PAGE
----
This is the first English language publication of an interview with James Baldwin (1924–87) conducted by Nazar Büyüm in 1969, Istanbul, Turkey. Deemed too long for conventional publication at the time, the interview re-emerged last year and reveals Baldwin’s attitudes about his literary antecedents and influences such as Richard Wright, Langston Hughes, and Countee Cullen; his views concerning the “roles” and “duties” of a writer; his assessment of his critics; his analysis of the power and message of the Nation of Islam; his lament about the corpses that are much of the history and fact of American life; an honest examination of the relationship of poor whites to American blacks; an interrogation of the “sickness” that characterizes Americans’ commitment to the fiction and mythology of “race,” as well as the perils and seductive nature of American power.

James Baldwin Review
James Baldwin, William F. Buckley, Jr., and the 1965 Cambridge Debate
Daniel Robert McClure

The 1965 debate at Cambridge University between James Baldwin and William F. Buckley, Jr., posed the question: “Has the American Dream been achieved at the Expense of the American Negro?” Within the contours of the debate, Baldwin and Buckley wrestled with the ghosts of settler colonialism and slavery in a nation founded on freedom and equality. Framing the debate within the longue durée, this essay examines the deep cultural currents related to the American racial paradox at the height of the Civil Rights movement. Underscoring the changing language of white resistance against black civil rights, the essay argues that the Baldwin and Buckley debate anticipated the ways the U.S. would address racial inequality in the aftermath of the civil rights era and the dawn of neoliberalism in the 1970s.

James Baldwin Review
James Baldwin in Conversation with Fritz J. Raddatz (1978)
Gianna Zocco

This is the first English-language publication of an interview with James Baldwin conducted by the German writer, editor, and journalist Fritz J. Raddatz in 1978 at Baldwin’s house in St. Paul-de-Vence. In the same year, it was published in German in the weekly newspaper Die Zeit, as well as in a book of Raddatz’s conversations with international writers, and—in Italian translation—in the newspaper La Repubblica. The interview covers various topics characteristic of Baldwin’s interests at the time—among them his thoughts about Jimmy Carter’s presidency, his reasons for planning to return to the United States, his disillusionment after the series of murders of black civil rights activists in the 1960s and 1970s, and the role of love and sexuality in his literary writings. A special emphasis lies on the discussion of possible parallels between Nazi Germany and U.S. racism, with Baldwin most prominently likening the whole city of New York to a concentration camp. Due to copyright reasons, this reprint is based on an English translation of the edited version published in German. A one-hour tape recording of the original English conversation between Raddatz and Baldwin is accessible at the German literary archive in Marbach.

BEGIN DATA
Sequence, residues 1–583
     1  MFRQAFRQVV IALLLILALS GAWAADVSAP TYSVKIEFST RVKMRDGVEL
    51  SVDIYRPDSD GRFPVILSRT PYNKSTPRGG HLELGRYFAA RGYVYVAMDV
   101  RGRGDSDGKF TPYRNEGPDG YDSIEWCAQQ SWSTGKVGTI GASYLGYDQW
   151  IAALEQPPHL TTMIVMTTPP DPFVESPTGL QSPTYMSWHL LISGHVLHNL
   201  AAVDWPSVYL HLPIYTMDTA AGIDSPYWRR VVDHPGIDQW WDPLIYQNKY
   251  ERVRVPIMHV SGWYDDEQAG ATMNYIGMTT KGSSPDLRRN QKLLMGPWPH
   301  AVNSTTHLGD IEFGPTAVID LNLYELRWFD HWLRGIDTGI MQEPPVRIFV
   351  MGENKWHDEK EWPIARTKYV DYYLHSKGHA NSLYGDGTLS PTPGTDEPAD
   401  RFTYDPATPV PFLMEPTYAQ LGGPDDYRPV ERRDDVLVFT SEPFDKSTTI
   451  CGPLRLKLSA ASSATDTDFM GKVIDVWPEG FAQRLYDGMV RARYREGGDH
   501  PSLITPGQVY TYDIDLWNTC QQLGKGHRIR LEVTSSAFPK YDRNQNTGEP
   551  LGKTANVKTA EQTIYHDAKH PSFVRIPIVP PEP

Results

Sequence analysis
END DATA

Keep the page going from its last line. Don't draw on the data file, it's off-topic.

James Baldwin Review
Open Access (free)
Robert J. Corber

The author reviews Barry Jenkins’s 2018 film adaptation of Baldwin’s novel, If Beale Street Could Talk, finding that Jenkins’s lush, painterly, and dreamlike visual style successfully translates Baldwin’s cadenced prose into cinematic language. But in interpreting the novel as the “perfect fusion” of the anger of Baldwin’s essays and the sensuality of his fiction, Jenkins overlooks the novel’s most significant aspect, its gender politics. Baldwin began working on If Beale Street Could Talk shortly after being interviewed by Black Arts poet Nikki Giovanni for the PBS television show, Soul!. Giovanni’s rejection of Baldwin’s claims that for black men to overcome the injuries of white supremacy they needed to fulfill the breadwinner role prompted him to rethink his understanding of African American manhood and deeply influenced his representation of the novel’s black male characters. The novel aims to disarticulate black masculinity from patriarchy. Jenkins’s misunderstanding of this aspect of the novel surfaces in his treatment of the character of Frank, who in the novel serves as an example of the destructiveness of patriarchal masculinity, and in his rewriting of the novel’s ending.

James Baldwin Review